That Damned Marx
No matter what they say, the bourgeois cannot escape the fact that Marx's ideas still hold water after all these years. His analysis of the capitalist system, its laws and contradictions are as relevant today as they were 150 years ago. The serious journals of capitalism confirm this.
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Whenever I feel a little demoralized or begin to question whether the struggle for a better, more humane world may come to naught, I can always find relief within the serious journals of capitalism. For it is in these journals that the ideas of Karl Marx are confirmed to me. Nothing is guaranteed of course. Capitalism may well destroy life as we know it through its devastating effect on the environment. But once the problem is understood, once the way the world works is laid bare for all to see, then, like the drug addict who finally admits that he has an addiction, a solution is possible. Marx the philosopher provided the basis for a solution.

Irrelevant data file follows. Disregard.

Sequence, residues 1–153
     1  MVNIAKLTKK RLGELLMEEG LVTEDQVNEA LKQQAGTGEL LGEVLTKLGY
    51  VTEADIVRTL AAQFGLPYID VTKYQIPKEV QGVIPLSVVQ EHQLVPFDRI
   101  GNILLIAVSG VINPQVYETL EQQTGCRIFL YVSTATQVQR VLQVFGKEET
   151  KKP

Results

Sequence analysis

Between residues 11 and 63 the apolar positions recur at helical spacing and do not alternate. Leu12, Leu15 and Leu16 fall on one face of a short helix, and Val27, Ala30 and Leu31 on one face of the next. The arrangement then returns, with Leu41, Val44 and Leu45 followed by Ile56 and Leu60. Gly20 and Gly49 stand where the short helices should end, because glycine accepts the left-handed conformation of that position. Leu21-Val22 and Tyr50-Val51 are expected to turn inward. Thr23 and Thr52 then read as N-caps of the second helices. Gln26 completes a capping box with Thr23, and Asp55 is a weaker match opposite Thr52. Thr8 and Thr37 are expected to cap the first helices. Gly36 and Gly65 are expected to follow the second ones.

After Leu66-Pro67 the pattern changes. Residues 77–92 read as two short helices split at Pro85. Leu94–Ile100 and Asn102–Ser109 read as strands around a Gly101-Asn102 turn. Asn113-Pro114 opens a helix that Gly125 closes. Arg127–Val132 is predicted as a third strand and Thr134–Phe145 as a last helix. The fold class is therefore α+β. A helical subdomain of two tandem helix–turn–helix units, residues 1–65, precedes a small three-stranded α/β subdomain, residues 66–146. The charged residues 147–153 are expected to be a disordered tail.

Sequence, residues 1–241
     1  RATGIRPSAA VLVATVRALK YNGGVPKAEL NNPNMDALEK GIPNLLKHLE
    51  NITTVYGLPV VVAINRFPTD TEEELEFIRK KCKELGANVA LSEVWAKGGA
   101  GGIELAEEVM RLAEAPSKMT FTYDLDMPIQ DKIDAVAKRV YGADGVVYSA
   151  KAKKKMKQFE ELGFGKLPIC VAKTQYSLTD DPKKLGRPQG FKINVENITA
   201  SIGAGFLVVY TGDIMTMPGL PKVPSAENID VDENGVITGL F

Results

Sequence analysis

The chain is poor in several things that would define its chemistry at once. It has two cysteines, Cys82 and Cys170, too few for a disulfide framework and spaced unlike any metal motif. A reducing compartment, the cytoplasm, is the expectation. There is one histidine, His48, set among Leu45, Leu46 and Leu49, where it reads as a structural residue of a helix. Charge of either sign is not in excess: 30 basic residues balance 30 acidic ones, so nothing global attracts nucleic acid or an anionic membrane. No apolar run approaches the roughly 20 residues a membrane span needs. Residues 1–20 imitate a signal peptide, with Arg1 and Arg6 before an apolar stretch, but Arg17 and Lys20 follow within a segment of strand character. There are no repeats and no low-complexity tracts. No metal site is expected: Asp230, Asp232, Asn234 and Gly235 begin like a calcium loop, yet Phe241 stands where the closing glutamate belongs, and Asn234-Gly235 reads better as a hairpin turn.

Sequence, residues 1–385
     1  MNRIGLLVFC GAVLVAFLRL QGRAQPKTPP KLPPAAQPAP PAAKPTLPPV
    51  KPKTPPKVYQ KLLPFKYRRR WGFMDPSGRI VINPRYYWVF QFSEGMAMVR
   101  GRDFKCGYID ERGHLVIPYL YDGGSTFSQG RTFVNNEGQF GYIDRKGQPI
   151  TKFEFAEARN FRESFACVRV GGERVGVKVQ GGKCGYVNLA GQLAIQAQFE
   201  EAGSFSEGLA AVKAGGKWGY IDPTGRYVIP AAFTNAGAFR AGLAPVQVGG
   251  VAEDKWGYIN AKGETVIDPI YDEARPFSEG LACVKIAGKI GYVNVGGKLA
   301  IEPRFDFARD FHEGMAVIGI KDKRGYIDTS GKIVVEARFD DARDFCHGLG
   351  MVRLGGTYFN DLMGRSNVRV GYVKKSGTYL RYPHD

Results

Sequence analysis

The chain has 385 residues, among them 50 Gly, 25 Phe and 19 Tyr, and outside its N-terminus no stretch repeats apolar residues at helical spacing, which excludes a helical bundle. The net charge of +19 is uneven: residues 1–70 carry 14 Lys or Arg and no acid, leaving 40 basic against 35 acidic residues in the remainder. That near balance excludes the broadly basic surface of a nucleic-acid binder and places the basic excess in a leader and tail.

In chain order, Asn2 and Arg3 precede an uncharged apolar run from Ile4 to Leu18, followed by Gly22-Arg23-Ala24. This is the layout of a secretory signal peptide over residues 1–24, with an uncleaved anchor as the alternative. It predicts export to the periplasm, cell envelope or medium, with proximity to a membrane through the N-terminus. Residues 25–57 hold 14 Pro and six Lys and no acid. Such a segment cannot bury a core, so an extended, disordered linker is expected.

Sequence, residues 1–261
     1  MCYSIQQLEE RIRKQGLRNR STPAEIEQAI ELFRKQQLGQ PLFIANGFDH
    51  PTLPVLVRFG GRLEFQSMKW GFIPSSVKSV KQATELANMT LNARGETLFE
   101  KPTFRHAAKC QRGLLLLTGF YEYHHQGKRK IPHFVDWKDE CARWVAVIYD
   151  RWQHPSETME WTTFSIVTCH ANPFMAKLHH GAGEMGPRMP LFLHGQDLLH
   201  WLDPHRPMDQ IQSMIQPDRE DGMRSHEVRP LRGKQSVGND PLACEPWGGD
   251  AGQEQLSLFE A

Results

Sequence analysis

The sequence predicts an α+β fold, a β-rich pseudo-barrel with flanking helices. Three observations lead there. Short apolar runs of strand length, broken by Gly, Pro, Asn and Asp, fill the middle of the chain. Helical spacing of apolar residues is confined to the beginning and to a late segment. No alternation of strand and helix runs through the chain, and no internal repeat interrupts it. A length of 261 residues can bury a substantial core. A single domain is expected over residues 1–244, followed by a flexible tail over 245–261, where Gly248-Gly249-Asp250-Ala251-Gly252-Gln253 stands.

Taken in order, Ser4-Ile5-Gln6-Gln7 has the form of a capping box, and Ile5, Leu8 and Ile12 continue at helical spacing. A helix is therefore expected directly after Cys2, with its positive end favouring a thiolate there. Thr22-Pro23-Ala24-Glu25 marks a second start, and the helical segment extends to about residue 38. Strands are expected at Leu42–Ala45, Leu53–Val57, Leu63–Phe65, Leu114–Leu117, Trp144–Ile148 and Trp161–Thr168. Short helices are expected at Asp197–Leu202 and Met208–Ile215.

The U.S. is currently going through a major economic crisis that most agree has its roots in the housing industry. As we know, housing is a private business. The production of shelter in capitalist society, particularly in the U.S, the belly of the beast, is set in to motion by individuals or groups of individuals whose sole aim is to reap return on their investment, on the capital they invest in this venture.
Business Week, a major journal of the U.S. capitalist class, has as its cover story for its October 10th issue, an article on the housing crash. (1) In the same issue, it makes the point that there is a "mountain of homes on the market" (2). Why, one might ask, are there homeless people? Why do people have to spend more and more time at work simply to provide shelter for themselves and their families? The answer to that is not complicated. The production of shelter in capitalist society is not for shelter; it is for profit, shelter is incidental to it.